Remembering Willie Granville Pierce

Posted October 27, 2020 at 3:20 pm

By David Cross

The name Willie Granville Pierce doesn’t mean much to the vast majority of Clinton County, particularly if you’re less than 70 years of age. But his passing recently at age 93 in Louisville, merits more than a mere mention in the local obituary column.

I knew very few people who loved Clinton County as much as Granville Pierce did. He loved it so much he moved back home at least three times over the years, and still owned a home here when he died.

He was one of those Clinton County success stories, one of those fellows who, as the late Edward Cowan would say, could “move away and make a million dollars” (the other part of that memorable saying of Ed’s was, “or you can stay here and starve to death”).

William Granville Pierce was born in Clinton County on January 5, 1927. His parents were J. Nimrod “Nim” and Exonia “Ona” Piercey Pierce.

They operated a country store at Cumberland City in northern Clinton County and did business under the rather unusual name of “J.N. Pierce and Wife General Merchandise.”

The Pierces had bought the old Major Snow store building from Ephraim Guffey and moved it from its former location near the coal company railroad track (yes, railroad track) a short distance to the new highway when KY 35 (now KY 558) was constructed in the early 1930s.

Ona was the last Postmaster at Cumberland City, serving from 1930-1940 until the office was discontinued.

Nim Pierce constructed some cabins a few hundred yards north of the store near the junction of what is now KY 558 and KY 829, and the location began to be called “Cabin City” , somewhat of a derivative of Cumberland City.

Granville graduated from Clinton County High School and went to work as a teenager at the Wolf Creek Dam construction site for J.A. (it was said by some employees that J.A. stood for Jack-Ass) Jones Construction Company.

J.A. Jones was also involved in construction at the Manhattan Project in Oak Ridge, Tennessee, during World War II and was an international contractor for many years when Charlie Long and Arlo Sloan, two of Albany’s world travelers, worked for the company.

In 1947, Granville married Mona Fairchild of Wayne County, who also worked for J.A. Jones, who had combined forces with another company to create Jones-Wright Construction, which finished the dam project in 1951.

Mona, as secretary to the project manager, actually got Granville his job with Jones. They were to have one son, Larry. They were married 68 years until Mona’s death in 2015.

Granville became purchasing agent for Jones and began to learn about when to buy and sell, and how big business was done. He learned about buying steel, and learned about transportation costs, and river barges.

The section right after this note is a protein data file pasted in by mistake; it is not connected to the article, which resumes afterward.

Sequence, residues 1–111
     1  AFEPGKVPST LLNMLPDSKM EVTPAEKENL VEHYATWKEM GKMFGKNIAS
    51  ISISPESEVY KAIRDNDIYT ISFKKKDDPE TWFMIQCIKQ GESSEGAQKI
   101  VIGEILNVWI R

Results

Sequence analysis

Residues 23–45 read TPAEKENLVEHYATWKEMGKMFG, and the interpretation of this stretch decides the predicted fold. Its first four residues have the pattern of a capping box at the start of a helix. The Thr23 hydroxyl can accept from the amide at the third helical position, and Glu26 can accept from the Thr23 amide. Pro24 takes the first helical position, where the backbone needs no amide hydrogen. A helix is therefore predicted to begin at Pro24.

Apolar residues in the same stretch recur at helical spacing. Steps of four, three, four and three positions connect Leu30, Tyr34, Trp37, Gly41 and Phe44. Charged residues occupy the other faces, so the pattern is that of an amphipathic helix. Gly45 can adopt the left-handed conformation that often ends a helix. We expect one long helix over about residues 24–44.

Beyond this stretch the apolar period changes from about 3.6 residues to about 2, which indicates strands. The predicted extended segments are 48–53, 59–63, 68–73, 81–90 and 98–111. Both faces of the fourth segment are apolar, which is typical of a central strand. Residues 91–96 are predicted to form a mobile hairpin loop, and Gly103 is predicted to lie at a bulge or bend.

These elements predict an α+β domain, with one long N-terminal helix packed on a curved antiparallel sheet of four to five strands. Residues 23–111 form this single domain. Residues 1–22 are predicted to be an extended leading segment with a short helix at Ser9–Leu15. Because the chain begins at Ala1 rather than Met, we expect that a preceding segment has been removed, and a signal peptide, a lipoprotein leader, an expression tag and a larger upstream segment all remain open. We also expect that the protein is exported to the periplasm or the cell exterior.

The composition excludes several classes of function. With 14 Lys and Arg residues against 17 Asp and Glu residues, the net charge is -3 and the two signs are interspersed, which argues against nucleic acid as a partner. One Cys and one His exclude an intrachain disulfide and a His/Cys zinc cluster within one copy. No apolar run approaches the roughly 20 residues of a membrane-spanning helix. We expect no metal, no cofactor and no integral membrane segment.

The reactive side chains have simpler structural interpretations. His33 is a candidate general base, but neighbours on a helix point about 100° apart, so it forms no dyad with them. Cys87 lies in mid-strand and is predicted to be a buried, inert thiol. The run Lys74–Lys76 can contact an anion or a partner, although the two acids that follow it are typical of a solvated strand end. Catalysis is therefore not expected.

After the Wolf Creek project ended, he traveled several years with Jones and was involved in various large construction projects around the country, in places such as Keokuk, Iowa.

After 26 years of service, he left Jones, he moved to the Owensboro/Tell City area where he became successful in the steel and barge business under the name of Pierce Construction Services.

Granville had been an observer of people growing up in his parents’ store. He learned to become a good judge of character watching the people of Piney Woods do business in the store. He had learned about the art of trading as a boy while watching the men of Clinton County trade mules, jacks, and other trade stock and he carried that knowledge with him as an adult to be successful as a trader on a much larger scale.

Granville always considered Clinton County home. He would build a house and move back for a while, but then get restless for the business world, sell out and go back to where he could wheel and deal.

If computer access in those days would have been like what we have now, he likely would have stayed in Clinton County much more and been able to continue his business dealings as we do today, sitting in front of a computer.

The most notable thing about Granville Pierce isn’t that he left Clinton County and became a successful businessman. That is noteworthy, but Clinton County has turned out so many native sons and daughters who have achieved great success elsewhere.

The most noteworthy thing, and the reason we write about him now, is that with all of his success, he never forgot where he was from, and his heart always remained here.